“Precious metals are a lot of what you’ll see at this show and the roots of this conference are based in the silver and gold market,” explains Cambridge House International president Jay Martin. But he emphasizes that they won’t monopolize the agenda, as some exhibitors and speakers have other commodities and strategies in mind.

San Francisco’s Silver and Gold Summit 2017 bridges investors and opportunities

Exhibitor space sold out early with 70 companies, Martin says. “We’re going to cap it at that. When you cap it like that you can maintain the quality.”

The speaker list, on the other hand, has many more presenters to come. Apart from big names like Katusa, Holmes, Rule and Casey, “we’ll be adding probably about 50 speakers to the agenda,” Martin says. “When we build this program we look at about two dozen topics in the mineral sector, then we drill down to what we see as demand, what investors are asking for. Then we assemble the topics and fill the speaker list from there.”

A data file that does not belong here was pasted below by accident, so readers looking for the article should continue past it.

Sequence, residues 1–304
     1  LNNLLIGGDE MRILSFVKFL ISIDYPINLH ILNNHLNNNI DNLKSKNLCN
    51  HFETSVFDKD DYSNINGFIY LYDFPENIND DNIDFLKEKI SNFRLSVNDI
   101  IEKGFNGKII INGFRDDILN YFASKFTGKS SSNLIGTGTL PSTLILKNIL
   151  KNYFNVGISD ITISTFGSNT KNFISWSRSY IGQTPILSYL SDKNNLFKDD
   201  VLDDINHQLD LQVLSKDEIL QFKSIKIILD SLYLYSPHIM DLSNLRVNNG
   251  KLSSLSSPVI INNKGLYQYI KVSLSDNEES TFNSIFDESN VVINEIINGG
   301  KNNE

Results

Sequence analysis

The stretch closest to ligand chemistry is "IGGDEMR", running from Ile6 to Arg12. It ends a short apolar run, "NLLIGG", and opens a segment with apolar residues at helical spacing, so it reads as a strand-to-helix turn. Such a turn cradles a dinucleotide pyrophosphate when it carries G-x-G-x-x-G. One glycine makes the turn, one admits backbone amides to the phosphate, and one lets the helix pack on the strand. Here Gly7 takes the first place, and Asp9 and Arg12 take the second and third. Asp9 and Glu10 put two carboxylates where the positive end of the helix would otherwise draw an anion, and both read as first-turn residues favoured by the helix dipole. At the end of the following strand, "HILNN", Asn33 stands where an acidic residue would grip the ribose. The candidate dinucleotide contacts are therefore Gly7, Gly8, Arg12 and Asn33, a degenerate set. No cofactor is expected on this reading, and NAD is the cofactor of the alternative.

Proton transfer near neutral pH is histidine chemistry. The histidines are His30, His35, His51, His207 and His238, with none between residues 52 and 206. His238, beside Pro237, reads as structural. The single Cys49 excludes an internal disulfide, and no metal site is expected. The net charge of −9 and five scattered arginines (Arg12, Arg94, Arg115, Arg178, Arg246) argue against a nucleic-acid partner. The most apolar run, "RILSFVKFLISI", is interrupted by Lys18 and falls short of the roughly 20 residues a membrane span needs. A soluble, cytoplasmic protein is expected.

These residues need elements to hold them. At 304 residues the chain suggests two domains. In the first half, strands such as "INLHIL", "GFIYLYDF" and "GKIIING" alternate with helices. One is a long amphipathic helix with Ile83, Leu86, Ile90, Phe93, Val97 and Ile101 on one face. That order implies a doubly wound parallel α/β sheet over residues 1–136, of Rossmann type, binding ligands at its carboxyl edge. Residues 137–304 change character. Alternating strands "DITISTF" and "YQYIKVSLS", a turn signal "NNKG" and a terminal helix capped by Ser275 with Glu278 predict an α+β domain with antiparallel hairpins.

Through surveys, outreach programs, focus groups and social media, Cambridge House and co-producer Katusa Research determine “what attendees want to learn about, what’s getting traction, what’s controversial or exciting.”

Playing to what he calls “a healthy retail market,” the event shares similarities with the Vancouver Resource Investment Conference, returning next year on January 21 and 22. “It’s easy to get to San Francisco from anywhere, so we see a lot of traffic coming in from all over the U.S. and Canada. But I’d say the number #1 difference with the San Francisco/Oakland area is there’s a larger appetite for wealth preservation. You’ll also see some content about new asset classes that are competing with gold, like cryptocurrencies.